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Are You or Do You Work for a Great Boss?

During my career I have reported to almost 15 different people. Some of my bosses have been fantastic while others fell short on what I needed at that time.

As a boss I try to be three things at all times:

  1. Fair
  2. Firm
  3. Consistent

Do I achieve those goals all the time? I would love to say emphatically yes, but in reality—probably not. I will let you in on a little secret: being a boss is very, very hard! Making critical business decisions that impact the lives of many people is challenging to say the least.

Everyone has different needs and expectations of their boss. For me, I believe that a good boss:

  1. Shows appreciation of subordinates’ efforts. Appreciation should be shown verbally, in writing, and monetarily.
  2. Is willing to listen to subordinates’ ideas and new ways to do things.
  3. Has realistic expectations that are clearly expressed.
  4. Shares credit for a job well done, but also accepts blame when appropriate.
  5. Is good at setting priorities and sticking to them.
  6. Has a good sense of humor. Doesn’t mind occasional joking around in the office and isn’t too serious about everything.

As I was thinking about writing this blog, I thought it would be cool to see what others thought. So here are a few comments from people in the research community regarding what they look for in a boss:

  • Open to discussion, disagreement and respect for your experience and opinions (even if they did not always agree),” Betty Champion GFK.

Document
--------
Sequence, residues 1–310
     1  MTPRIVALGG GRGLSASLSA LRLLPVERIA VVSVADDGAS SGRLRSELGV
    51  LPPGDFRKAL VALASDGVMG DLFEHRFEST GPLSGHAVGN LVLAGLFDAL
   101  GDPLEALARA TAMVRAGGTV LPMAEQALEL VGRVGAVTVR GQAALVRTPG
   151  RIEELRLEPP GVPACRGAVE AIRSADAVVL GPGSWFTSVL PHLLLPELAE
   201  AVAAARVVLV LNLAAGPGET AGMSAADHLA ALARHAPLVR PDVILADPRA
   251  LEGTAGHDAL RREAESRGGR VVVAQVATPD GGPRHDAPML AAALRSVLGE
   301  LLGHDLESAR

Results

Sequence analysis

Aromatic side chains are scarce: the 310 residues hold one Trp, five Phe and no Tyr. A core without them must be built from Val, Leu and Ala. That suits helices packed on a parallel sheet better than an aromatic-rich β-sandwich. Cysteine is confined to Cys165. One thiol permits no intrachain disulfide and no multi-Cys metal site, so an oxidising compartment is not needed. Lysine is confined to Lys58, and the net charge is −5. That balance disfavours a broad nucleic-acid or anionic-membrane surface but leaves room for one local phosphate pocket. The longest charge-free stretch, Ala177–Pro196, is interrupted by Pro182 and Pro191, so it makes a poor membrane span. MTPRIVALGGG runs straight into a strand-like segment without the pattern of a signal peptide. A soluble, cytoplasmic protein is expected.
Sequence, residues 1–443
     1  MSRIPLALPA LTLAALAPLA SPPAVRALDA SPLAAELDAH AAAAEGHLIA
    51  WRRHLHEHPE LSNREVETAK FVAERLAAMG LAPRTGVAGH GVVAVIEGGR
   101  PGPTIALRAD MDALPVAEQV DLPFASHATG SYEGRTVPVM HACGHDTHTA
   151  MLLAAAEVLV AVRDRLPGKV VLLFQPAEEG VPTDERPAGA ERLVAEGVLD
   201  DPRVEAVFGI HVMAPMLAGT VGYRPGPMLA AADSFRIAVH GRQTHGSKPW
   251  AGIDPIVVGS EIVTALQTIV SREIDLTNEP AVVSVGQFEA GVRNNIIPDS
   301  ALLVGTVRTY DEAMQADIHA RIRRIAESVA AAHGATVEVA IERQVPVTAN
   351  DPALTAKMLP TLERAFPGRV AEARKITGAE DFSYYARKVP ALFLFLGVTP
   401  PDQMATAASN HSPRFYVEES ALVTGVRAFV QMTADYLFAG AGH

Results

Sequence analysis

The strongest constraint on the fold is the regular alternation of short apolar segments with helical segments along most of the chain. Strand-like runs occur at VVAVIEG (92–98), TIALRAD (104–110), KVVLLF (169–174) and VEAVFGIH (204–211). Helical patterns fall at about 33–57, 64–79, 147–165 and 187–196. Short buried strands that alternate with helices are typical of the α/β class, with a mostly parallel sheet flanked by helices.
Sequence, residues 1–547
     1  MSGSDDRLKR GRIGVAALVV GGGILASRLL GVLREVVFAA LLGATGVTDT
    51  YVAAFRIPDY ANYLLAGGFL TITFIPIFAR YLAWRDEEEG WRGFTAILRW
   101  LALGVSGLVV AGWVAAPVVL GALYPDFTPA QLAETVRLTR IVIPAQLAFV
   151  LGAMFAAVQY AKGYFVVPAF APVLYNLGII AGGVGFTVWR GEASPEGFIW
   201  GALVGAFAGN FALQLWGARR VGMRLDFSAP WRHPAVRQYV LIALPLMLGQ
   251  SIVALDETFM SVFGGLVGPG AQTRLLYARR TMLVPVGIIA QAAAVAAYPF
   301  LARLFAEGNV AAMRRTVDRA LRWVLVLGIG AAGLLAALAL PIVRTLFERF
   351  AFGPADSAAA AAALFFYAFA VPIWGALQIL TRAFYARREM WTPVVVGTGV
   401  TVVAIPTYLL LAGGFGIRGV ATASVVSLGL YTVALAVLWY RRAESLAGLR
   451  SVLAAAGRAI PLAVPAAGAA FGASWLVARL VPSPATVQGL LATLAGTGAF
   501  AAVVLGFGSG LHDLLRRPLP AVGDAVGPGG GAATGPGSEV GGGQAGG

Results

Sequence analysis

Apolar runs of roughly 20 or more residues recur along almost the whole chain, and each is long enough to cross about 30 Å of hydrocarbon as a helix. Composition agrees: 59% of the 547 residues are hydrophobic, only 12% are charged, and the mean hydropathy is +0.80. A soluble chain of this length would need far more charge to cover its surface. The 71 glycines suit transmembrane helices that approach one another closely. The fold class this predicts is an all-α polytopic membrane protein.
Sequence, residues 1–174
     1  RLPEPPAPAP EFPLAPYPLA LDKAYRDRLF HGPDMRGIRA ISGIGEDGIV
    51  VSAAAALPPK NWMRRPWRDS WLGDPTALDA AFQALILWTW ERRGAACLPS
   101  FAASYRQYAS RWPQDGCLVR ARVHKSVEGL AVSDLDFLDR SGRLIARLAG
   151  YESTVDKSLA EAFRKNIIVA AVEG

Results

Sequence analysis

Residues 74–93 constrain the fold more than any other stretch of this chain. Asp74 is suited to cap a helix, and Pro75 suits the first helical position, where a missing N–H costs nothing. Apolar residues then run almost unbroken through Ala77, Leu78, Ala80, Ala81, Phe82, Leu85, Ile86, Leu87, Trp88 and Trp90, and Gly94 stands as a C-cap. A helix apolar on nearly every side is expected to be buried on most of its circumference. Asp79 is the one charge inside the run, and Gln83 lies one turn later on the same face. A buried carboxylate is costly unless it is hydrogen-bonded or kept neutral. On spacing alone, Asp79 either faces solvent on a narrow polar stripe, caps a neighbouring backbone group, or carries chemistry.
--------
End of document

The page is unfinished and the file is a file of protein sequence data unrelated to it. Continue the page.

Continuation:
• I look for someone who empowers me and my team to be successful…someone who can inspire us to action, who listens well, welcomes me in as a partner in crafting our strategic vision and recognizes and acknowledges our contributions to the enterprise. Most importantly, I look for someone who gives us the autonomy and resources to reach our potential and exceed clearly articulated, reasonable and well thought out expectations and goals. I look for a straight shooter who is apolitical, candid and frank, and aligned with my objectives.” Jon Last Golf Digest
  • Someone who is rational, can show up in the big meeting, can provide wisdom, has a plan that I can buy into, is considered important in the company for the right reasons, works as hard as me, but can also understand family,” Adam Weinstein Authentic Response.
  • Someone who is willing to work with you as a partner – good communication skills, attentive, a sense of humor and someone who has a family (so they are not a workaholic.) Must be intelligent and knowledgeable about the business – know the external market – who is a threat, who is an ally, etc.,” Sharon Gautschy American Association for the Surgery of Trauma (AAST).
  • Someone who is honest, fair and has the ability to listen. Someone who has a good business mind, can look at the big picture. Someone who doesn’t “ride the fence” and willing to look at all angles before a decision is made/implemented,” Lucy Haydu MRA.
  • Honesty, fairness, and commitment to the growth of the company and its employees, not self,” John Heakin North American Insights.
  • I look for my boss to be engaged in the business, to be passionate about being successful, understanding what it truly takes for the research team to be successful. I want someone to have some personal involvement, understanding and commitment.” Pam Galley Sabre.
  • Patience and tolerance is also nice, but really isn’t as important as someone who gives you the tools you need not only to succeed, but to surpass expectations. They must be available – very important. You cannot tap a resource that isn’t accessible,” Lance Hoffman Opinion Access Corporation.

Thanks to everyone who participated. I look forward to hearing other thoughts and comments

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